Gold Bugs Grit Teeth
Source: MarketWatch, Myra Saefong (6/10/11)
"Gold is like 'a planet that is pulled by various moons.'"
Many investors have a great love affair with gold, but as with any relationship, they'll have to work hard to get the most out of it, be patient and most of all—understand the reasons for gold's actions.
That's particularly true in the current trading environment, where action in the U.S. dollar, commodities, stocks and global economies have pushed and pulled at investors' heart strings.
"Many investors 'date' stocks, but some 'marry' gold," said Philip Romero, a finance professor at the University of Oregon and former chief economist of California. The "holding period for stocks has been shortening, but I expect holding periods for gold have been lengthening."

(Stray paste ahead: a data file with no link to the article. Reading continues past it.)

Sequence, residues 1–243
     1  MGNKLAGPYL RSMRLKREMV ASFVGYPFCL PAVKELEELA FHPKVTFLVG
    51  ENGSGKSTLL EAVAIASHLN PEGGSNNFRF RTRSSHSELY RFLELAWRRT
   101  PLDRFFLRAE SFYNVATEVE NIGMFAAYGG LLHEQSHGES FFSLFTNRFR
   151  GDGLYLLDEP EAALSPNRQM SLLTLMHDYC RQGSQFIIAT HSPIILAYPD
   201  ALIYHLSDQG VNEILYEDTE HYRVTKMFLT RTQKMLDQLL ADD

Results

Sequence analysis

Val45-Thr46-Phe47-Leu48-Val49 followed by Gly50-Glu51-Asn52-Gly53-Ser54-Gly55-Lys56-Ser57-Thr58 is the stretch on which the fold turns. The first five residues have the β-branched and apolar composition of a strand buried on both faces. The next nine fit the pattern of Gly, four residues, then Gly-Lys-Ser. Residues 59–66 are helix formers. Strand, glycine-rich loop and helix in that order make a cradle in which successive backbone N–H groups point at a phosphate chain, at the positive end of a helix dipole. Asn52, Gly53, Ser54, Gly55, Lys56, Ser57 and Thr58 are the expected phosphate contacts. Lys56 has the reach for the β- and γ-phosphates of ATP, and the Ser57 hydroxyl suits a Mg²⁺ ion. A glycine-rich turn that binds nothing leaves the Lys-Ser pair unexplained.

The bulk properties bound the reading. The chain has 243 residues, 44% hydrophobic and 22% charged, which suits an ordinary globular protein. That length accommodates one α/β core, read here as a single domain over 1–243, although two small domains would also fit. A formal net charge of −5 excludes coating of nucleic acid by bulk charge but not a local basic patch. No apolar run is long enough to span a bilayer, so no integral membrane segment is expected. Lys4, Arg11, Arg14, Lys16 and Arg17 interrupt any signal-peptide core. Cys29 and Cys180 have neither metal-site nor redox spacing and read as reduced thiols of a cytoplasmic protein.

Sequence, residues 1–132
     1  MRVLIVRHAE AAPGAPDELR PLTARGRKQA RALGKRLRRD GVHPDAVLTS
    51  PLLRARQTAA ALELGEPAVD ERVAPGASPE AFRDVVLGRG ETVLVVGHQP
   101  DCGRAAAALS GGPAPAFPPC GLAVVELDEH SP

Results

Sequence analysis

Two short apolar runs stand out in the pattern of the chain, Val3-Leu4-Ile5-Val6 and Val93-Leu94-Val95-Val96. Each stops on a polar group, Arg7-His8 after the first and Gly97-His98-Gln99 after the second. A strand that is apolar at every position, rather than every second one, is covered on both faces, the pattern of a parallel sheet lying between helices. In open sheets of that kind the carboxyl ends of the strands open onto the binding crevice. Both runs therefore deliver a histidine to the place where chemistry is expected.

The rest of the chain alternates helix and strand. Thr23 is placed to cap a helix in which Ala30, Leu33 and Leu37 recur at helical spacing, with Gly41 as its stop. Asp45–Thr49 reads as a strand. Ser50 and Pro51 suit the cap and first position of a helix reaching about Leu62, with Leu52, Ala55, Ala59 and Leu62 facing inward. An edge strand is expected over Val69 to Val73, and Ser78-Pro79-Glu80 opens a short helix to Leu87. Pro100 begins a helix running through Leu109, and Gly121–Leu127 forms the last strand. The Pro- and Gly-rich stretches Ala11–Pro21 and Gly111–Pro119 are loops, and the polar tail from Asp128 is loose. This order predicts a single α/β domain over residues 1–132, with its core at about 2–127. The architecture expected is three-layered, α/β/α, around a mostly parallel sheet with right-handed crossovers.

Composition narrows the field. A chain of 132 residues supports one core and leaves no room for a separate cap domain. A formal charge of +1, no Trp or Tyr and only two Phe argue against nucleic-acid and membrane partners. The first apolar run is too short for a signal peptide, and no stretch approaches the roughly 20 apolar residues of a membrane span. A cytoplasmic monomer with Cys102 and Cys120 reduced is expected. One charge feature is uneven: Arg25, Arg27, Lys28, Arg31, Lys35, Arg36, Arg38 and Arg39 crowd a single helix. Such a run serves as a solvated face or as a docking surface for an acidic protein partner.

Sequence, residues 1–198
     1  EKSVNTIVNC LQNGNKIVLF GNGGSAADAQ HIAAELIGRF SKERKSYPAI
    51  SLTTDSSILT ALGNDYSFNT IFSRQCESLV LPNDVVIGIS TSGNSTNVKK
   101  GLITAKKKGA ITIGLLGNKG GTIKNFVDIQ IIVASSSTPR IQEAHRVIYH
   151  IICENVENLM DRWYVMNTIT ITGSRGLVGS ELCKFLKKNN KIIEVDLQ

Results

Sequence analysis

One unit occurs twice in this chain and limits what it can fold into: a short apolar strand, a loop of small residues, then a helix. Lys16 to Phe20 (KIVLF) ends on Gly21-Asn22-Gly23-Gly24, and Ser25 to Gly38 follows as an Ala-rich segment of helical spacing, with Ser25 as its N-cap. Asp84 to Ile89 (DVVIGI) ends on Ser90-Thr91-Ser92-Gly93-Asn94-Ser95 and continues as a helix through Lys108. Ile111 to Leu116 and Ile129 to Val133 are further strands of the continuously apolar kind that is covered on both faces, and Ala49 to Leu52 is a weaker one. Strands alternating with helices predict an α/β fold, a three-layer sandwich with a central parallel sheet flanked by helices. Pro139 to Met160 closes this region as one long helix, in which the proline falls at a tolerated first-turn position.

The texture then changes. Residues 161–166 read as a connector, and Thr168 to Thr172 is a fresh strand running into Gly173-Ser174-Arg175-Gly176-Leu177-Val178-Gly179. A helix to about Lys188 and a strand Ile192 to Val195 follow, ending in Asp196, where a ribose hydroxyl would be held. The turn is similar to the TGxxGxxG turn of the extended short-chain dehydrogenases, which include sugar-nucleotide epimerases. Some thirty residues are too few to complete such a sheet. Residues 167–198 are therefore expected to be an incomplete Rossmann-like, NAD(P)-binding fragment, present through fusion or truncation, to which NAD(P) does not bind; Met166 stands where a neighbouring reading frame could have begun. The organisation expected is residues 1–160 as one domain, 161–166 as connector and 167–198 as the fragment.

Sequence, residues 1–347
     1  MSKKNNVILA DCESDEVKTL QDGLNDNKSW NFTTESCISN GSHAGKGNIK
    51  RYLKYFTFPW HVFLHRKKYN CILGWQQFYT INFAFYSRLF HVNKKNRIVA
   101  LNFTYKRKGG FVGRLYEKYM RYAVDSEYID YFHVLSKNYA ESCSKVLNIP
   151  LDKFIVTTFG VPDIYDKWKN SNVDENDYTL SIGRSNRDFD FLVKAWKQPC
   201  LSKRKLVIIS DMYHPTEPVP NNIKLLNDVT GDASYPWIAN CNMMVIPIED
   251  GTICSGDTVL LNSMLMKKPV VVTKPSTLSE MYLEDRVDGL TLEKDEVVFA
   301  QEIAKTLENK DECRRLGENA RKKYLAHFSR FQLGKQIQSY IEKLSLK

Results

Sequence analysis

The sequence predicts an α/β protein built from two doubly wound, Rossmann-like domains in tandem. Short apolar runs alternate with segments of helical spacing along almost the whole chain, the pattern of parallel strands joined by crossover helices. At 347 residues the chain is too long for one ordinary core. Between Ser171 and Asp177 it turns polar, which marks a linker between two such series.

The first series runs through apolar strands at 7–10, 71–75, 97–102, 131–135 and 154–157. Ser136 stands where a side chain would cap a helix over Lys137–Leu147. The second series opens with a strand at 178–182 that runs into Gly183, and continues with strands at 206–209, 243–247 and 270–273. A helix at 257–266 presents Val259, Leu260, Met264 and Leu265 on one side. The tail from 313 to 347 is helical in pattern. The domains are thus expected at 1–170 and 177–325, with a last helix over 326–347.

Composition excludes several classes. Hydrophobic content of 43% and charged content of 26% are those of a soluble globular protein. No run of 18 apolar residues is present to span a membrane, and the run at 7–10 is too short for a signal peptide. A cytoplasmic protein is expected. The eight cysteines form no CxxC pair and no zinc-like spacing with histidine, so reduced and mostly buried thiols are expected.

And for many gold bugs, their holding period is "forever—till death do they part," he said.
For many, that's a commitment well worth it. Investors' love affair with gold began about a decade ago, when gold-futures prices traded roughly around $260 an ounce. Gold futures closed above $1,540 on Thursday.
Gold has been in a 10-year bull market, beginning when the economy was at "full employment and the U.S. budget was balanced," said Brian Greenberg, owner of wealth management firm Brian Greenberg & Associates in Marlton, N.J. Today, there's real unemployment at 16%, coupled with $1.6 trillion budget deficits "as far as the eye can see."
It's no wonder investors have flocked to the so-called "safe haven" of gold investment.
Gold prices have climbed as the dollar falls in value, but they don't always inversely track the greenback's movements.
Gold's "like a planet that is pulled by various moons rather than just one," said Christopher Ecclestone, mining strategist at Hallgarten & Company LLC.
"Unusual circumstances can lead to unusual results," he said. "Investors need to be on guard for the unexpected because the unexpected appears to be the norm today."